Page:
Building Decentralized Applications
with Solid and Comunica (SOCOM)

Tutorial at ISWC 2019, October 26th 2019


Solid is a decentralized application and storage ecosystem, built on the Linked Data principles. It enables true data ownership, where anyone can store data in a place of their choice, regardless of the applications they use. In order to build decentralized applications over Solid data pods, specialized querying techniques are required. Comunica is a flexible meta query engine that offers such querying capabilities. In order to enable developers and researchers to start building such decentralized applications, we offer a tutorial on Solid and Comunica.

This tutorial consists of an overview of Solid, and on how Comunica can be used to query Solid data pods. As a result, participants from different backgrounds will have experience with hosting data through their own personal Solid data pod. Furthermore, they will be able to query over Solid data pods, using different querying techniques with Comunica. Ultimately, this will enable the development and research of decentralized applications with the Solid platform.



Decentralization is a widely discussed topic these days. Solid is a Web-based ecosystem founded by Tim Berners-Lee that enables people store data in their own personal data pod. This gives users true data ownership, as they can choose where their data resides, and who can access it. The decentralized applications that can be built on top of Solid data pods are not tied to specific user data. Instead, users need to give applications explicit access to their data. Only then can applications query over one or more data pods.

Comunica [1] is a JavaScript-based meta query engine that was introduced as a flexible way of querying Linked Data on the Web. As such, it is an ideal platform for querying over Solid data pods, and for building truly decentralized applications. The main functionality is demonstrated via our Web application. The interaction with Solid data pods is demonstrated within the LDflex playground, where Comunica is used in the back-end behind a user-friendly LDflex path expression.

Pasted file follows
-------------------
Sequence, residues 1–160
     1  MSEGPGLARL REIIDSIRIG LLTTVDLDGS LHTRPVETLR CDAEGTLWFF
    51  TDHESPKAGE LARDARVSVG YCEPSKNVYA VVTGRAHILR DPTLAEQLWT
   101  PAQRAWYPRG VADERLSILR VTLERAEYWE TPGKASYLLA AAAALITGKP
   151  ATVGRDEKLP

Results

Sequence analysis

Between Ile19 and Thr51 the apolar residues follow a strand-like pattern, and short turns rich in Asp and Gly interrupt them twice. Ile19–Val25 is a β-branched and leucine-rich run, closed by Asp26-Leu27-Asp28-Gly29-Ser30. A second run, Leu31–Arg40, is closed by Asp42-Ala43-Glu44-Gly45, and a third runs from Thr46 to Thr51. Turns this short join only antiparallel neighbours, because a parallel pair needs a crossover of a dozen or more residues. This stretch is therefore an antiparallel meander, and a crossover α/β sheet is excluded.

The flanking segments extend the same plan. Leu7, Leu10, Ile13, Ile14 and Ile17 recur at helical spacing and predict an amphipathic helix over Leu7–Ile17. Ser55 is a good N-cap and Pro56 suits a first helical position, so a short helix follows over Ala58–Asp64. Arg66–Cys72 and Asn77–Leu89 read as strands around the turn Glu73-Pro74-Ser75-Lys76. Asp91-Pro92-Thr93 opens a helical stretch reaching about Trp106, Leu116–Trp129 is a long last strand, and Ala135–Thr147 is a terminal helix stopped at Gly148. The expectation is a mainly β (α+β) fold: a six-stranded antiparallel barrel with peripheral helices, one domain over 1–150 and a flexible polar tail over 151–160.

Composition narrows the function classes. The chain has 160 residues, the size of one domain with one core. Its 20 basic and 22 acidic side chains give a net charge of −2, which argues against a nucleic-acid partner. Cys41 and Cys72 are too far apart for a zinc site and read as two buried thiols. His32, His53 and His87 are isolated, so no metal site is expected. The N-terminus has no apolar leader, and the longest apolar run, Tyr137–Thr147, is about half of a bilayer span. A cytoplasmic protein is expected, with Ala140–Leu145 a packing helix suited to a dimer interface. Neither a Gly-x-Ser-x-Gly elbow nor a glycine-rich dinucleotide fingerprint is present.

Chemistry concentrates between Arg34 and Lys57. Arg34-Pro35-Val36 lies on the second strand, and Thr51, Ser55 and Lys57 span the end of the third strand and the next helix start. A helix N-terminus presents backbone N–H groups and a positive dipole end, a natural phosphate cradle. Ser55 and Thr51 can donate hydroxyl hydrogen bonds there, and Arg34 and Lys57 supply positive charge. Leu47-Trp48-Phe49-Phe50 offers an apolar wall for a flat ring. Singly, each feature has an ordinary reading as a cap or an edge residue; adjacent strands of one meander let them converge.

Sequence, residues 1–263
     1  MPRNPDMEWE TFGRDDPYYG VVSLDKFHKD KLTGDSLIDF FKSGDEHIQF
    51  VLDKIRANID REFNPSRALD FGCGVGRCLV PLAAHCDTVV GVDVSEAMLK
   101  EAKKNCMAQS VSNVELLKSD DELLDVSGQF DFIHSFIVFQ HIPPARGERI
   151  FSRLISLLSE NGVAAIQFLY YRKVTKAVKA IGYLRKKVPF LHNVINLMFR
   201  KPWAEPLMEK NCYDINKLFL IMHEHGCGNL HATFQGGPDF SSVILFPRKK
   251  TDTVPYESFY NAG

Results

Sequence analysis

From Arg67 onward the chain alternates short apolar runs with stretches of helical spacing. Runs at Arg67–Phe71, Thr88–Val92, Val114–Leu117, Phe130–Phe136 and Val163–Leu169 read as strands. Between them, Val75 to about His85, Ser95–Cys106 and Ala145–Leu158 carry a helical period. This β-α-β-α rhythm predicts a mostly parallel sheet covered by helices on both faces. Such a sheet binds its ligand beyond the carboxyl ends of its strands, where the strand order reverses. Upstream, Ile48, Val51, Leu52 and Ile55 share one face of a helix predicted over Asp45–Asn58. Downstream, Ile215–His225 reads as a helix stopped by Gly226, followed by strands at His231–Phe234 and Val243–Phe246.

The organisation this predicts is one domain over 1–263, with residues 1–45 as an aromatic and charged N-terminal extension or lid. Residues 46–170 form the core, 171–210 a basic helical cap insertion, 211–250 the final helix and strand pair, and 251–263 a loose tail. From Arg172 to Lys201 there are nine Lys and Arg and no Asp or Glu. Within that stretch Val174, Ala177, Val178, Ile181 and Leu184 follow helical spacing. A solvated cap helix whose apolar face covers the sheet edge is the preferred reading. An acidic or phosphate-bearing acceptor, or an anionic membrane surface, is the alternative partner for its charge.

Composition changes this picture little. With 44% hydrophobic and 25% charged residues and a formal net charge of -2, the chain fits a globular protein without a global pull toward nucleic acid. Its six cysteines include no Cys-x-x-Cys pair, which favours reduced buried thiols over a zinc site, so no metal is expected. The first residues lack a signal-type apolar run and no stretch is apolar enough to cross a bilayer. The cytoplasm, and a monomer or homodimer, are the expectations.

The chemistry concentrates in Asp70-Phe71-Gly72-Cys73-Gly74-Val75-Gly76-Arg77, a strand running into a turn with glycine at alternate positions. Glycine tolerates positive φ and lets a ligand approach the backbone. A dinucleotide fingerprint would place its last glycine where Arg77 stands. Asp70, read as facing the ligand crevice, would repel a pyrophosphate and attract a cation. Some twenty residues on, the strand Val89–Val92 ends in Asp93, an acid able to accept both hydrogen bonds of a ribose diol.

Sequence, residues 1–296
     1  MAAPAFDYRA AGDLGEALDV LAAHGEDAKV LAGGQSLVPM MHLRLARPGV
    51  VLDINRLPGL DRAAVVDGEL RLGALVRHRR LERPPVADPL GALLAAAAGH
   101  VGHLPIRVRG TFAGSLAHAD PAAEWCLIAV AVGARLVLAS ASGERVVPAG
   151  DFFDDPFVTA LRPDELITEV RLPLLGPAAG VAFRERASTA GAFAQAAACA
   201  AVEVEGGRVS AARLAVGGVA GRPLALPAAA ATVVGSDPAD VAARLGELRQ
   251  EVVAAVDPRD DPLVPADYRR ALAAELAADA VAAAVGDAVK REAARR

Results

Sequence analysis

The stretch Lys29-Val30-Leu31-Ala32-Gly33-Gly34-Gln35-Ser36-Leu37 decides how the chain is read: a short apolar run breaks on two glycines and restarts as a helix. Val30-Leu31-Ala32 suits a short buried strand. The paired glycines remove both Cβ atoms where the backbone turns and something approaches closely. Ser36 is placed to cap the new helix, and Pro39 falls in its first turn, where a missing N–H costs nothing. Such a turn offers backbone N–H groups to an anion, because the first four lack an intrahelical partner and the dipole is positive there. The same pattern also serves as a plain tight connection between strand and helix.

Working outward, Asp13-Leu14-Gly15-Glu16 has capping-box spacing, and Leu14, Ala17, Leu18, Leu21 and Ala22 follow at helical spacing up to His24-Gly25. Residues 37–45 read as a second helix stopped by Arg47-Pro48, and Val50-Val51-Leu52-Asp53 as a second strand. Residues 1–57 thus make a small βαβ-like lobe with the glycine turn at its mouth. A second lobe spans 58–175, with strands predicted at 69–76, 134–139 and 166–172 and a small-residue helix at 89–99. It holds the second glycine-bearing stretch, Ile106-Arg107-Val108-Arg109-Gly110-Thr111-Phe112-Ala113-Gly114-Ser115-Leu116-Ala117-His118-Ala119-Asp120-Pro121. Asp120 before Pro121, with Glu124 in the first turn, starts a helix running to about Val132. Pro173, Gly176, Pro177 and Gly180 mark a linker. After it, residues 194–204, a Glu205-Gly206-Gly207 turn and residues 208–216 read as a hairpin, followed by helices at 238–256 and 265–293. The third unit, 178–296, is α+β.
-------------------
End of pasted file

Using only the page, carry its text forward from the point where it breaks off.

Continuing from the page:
The goal of this tutorial is to provide participants with knowledge on how to build decentralized applications, by combining Solid data pods and querying with Comunica.


We plan a full day for this tutorial as shown in Table 1. The morning session will focus on the basics of Solid and Comunica, and the afternoon will consist of hands-on sessions for building applications. We expect participants to have basic knowledge of Web technologies such as HTML, JavaScript, RDF and SPARQL.

  Topic Duration
Morning: Getting started Introduction 0:20
  Getting started with Solid 1:10
  Getting started with Comunica 1:10
Lunch Break
Afternoon: Building applications LDflex 1:10
  GraphQL-LD 1:10
  SPARQL 0:20

Table 1: Planning of the tutorial

In the morning, we will introduce the basic concepts behind Solid and Comunica, and we will allow participants to get started with both of them. For Solid, this will involve guiding the audience towards setting up their own data pod. For Comunica, we will allow participants to try out several example queries via a Web-based query engine.